On Thu, 20 May 2004 13:42:42 GMT, "Brad Griffis" <bradgriffis@hotmail.com> wrote:>The windowing is a *good* thing. You're forced to use some kind of window >to do a finite FFT so you might as well choose it yourself. Using "no" >window imposes a rectangle window which smears your frequencies around quite >a bit.I have been using "no" windowing in a piano tuning application and I find that the difference between windowing and no windowing is most predominate in the lower frequencies. If F is the sampling frequency, then the spectrum from F/4 to F/2 seems to be largely unsmeared. -Robert Scott Ypsilanti, Michigan (Reply through this forum, not by direct e-mail to me, as automatic reply address is fake.)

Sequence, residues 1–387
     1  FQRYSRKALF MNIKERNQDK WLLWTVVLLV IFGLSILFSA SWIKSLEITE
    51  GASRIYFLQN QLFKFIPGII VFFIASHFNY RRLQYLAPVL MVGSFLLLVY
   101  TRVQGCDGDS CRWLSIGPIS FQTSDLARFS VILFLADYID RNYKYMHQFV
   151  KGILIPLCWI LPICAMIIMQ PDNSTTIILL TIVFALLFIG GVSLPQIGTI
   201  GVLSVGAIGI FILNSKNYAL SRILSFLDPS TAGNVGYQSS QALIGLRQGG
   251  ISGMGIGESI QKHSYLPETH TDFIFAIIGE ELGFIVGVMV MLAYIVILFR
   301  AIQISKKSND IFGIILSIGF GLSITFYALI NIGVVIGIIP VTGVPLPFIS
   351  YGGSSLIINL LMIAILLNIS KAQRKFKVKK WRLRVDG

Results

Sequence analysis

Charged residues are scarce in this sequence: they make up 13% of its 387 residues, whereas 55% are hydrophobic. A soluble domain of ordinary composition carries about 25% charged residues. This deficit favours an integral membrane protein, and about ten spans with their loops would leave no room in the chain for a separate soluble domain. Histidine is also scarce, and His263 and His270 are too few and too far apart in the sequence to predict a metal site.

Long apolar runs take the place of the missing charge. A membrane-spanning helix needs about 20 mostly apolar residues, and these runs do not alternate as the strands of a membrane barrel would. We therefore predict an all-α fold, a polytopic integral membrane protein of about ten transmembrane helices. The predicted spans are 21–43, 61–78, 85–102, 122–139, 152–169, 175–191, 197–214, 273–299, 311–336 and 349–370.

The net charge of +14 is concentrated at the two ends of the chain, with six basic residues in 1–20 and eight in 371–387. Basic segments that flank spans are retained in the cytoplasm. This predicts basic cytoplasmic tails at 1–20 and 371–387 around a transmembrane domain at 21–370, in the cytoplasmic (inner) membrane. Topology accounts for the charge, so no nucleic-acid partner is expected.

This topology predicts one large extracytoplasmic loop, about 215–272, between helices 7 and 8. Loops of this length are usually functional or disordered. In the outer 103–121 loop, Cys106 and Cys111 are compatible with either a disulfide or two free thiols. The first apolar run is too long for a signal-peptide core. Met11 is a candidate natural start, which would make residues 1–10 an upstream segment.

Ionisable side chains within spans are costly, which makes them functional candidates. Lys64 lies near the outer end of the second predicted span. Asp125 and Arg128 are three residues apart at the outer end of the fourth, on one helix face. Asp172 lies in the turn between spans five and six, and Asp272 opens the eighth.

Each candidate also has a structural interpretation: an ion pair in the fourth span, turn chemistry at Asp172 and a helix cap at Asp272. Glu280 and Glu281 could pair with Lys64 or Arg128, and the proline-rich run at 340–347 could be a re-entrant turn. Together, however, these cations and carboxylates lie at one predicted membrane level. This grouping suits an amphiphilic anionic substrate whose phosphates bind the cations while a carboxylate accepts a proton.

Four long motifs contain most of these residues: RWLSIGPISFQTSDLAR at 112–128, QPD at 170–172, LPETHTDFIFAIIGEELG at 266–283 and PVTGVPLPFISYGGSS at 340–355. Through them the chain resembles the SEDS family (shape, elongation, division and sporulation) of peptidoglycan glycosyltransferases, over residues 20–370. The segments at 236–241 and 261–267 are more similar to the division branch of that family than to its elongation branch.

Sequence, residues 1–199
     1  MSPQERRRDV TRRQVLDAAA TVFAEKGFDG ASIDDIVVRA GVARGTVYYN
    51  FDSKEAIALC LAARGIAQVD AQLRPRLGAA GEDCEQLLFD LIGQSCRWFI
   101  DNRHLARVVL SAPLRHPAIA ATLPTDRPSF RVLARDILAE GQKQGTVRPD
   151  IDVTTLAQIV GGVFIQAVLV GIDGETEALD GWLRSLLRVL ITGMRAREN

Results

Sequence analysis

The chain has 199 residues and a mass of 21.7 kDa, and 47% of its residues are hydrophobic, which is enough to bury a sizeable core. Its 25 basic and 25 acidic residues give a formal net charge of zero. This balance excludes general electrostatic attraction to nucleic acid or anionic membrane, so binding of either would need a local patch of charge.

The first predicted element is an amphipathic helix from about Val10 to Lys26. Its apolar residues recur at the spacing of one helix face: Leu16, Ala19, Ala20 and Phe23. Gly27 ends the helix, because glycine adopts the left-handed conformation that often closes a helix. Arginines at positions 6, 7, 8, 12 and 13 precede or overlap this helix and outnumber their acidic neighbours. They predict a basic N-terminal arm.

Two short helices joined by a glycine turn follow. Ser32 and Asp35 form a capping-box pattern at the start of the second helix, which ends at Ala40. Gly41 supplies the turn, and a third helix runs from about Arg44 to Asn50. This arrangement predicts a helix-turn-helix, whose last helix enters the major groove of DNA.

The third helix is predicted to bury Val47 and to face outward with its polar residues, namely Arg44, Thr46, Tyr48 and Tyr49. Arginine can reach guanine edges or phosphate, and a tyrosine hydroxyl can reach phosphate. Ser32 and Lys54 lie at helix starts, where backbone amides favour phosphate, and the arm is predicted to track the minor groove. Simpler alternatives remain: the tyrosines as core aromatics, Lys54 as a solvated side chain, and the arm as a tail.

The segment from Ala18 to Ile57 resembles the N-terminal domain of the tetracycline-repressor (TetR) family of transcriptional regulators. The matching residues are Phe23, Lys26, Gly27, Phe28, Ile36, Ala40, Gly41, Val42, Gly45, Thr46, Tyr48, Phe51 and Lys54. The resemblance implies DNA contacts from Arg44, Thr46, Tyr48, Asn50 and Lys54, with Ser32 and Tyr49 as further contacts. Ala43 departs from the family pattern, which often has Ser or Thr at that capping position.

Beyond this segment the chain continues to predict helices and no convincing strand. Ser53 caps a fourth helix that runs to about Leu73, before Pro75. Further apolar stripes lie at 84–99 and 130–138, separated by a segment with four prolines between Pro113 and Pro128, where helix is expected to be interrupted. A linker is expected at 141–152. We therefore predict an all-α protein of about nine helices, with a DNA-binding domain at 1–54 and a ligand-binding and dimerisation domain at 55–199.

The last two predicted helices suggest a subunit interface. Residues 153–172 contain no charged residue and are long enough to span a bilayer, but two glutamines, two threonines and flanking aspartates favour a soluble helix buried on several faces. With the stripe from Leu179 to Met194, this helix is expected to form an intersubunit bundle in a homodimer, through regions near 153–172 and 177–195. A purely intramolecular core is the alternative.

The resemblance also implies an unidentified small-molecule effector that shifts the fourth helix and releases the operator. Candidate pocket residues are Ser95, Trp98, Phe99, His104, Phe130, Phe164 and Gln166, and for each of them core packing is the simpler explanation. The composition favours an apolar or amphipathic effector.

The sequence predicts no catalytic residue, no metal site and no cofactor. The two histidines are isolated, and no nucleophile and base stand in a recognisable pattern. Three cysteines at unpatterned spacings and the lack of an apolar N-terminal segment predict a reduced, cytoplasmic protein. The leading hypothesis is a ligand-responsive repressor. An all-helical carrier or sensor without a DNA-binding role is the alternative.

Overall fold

Reply by ●May 24, 20042004-05-24

Arrigo Benedetti wrote:> I would like to get some feedback on this idea. Multiplying > a signal in the time domain by a window before computing its FFT > is equivalent to the convolution of the transform of the signal > with the transform of the window. > It seems therefore that one could "undo" the effect of a square > window (i.e. FFT with no windowing at all) by applying a complex > deconvolution algorithm in the frequency domain. > Has this idea ever been tried? I know that deconvolution has > many problems, so I'm just testing the waters...There is a book, "Deconvolution of images and spectra" by Jansson, (The first edition was called "Deconvolution: with applications to spectroscopy") It covers very well both linear and non-linear deconvolution. Consider that a power spectrum should never go negative, and an absorption spectrum should stay between 0 and 1, yet linear deconvolution algorithms don't restrict that. -- glen